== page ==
Guide to Nullity
Whether or not a marriage is valid is a much overlooked problem. It is only when the validity of a marriage actually comes into question does it become so imperative to determine the status of a marriage.
The law has three distinct classifications for marriages:
a) A marriage which is valid;
b) A marriage which is void or voidable within Section 11 or Section 12 of the Matrimonial Causes Act 1973; and
c) A non-marriage.
If a marriage is void then in the eyes of the law that marriage never existed i.e. is it invalid from the beginning. This occurs when:
a) The parties are within the prohibited degrees of relationship;
b) Either party is under 16;
c) The requirements for the formation of the marriage are disregarded;
d) Either party is already validly married;
e) The parties are not respectively male and female;
f) Where a polygamous marriage outside of England and Wales has been entered into, either party was domiciled in England and Wales at the time of the marriage.
If marriage is voidable then the law views it as potentially invalid, however, until a Decree of Nullity is granted, the marriage exists. Without the Decree of Nullity, the marriage is legal.
This occurs when:
a) The marriage is not consummated either through inability or unwillingness;
b) There was circumstances of duress, mistake or unsoundness of mind resulting in no valid consent;
c) Either party was suffering from a mental disorder as defined under the Mental Health Act 1983 resulting in the party being unfit for marriage;
d) Either party was suffering from a venereal disease in a communicable form;
e) The Respondent was pregnant by a person other than the Petitioner;
f) Either party has been issued with an interim gender recognition certificate under the Gender Recognition Act 2004 after the time of the marriage;
g) The Respondent is a person whose gender at the time of the marriage had become the acquired gender under the Gender Recognition Act 2004.
A nullity petition is very similar to a divorce petition, though there are a few differences. There is a 12 month ban on a petition for divorce which does not apply to a nullity petition. There is also no mention of the irretrievable breakdown of the marriage in a nullity petition. Furthermore, unlike a divorce petition, a petition for nullity requires oral evidence to be given to an open court on oath in support of the petition. However, the procedure for both is very similar, where a Decree Nisi will be pronounced and upon the expiry of the statutory six week time limit, an application for Decree Absolute can be made.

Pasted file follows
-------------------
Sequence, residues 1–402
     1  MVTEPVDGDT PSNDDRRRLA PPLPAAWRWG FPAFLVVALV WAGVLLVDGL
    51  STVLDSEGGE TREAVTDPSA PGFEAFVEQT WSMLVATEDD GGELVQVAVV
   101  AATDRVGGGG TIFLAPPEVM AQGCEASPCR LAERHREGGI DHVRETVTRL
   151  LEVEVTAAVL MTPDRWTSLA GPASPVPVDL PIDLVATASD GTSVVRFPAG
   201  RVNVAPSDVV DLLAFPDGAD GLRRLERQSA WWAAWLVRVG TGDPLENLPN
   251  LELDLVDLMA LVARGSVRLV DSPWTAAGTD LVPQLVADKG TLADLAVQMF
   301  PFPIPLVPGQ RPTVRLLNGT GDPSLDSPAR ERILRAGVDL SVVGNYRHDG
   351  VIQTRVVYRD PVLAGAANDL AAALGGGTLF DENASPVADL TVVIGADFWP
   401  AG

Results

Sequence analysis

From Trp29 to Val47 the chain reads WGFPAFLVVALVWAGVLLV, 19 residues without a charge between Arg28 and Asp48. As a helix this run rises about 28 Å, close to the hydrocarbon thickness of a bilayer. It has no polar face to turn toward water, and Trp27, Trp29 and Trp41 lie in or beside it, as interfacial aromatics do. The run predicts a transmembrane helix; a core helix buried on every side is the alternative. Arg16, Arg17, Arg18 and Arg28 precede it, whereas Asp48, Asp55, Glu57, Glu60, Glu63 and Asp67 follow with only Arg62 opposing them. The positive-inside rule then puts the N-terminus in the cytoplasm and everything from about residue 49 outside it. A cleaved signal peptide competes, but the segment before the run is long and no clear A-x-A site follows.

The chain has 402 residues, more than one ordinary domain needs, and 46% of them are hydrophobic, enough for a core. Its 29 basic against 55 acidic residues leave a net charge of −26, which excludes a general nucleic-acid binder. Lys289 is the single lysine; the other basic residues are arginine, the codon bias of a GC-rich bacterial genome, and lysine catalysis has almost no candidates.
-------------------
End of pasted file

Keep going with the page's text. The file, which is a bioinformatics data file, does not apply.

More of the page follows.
It is crucial that for a nullity petition to be presented, there generally has to have been an intention to contract a valid marriage, so that the parties believed it to be valid but that there is a factor which renders the marriage invalid. Where a party is aware that in actual fact they are not technically married, then this is a non-marriage.
The difference between a non-marriage and a void marriage is that for the latter the ceremony would ordinarily render the marriage valid, but due to the occurrence of a certain factor (such as either party being under 16), the marriage could never exist. By contrast, the former, is a “default”, not in the status of the parties, but rather in the ceremony itself.
Why does it matter?
It matters because when a marriage is void or voidable, a party is entitled to financial relief. However, if a marriage is a non-marriage, then the parties are not entitled to financial relief following form the marriage. If there are children, a party may apply for financial relief under Schedule 1 of the Children Act 1989 but this is limited (often to the provision of a house for a specified period and to child maintenance) and is not comparable to the relief available under Section 25 of the Matrimonial Causes Act 1973.
In Hudson v Leigh Bodey J held that the factors to be considered for a questionable marriage relating to a non-marriage are:
a) whether the ceremony or event set out or purported to be a lawful marriage;
b) whether it bore all or enough of the hallmarks of marriage;
c) whether the three key participants (most especially the officiating official) believed, intended and understood the ceremony as giving rise to the status of lawful marriage; and
d) the reasonable perceptions, understandings and beliefs of those in attendance. In most if not all reasonably foreseeable situations, a review of these and similar considerations should enable a decision to be satisfactorily reached.”
The situation can arise when, for example, a couple contract a religious marriage, believing it to be valid, but fail to comply with local formalities so that the marriage is technically invalid.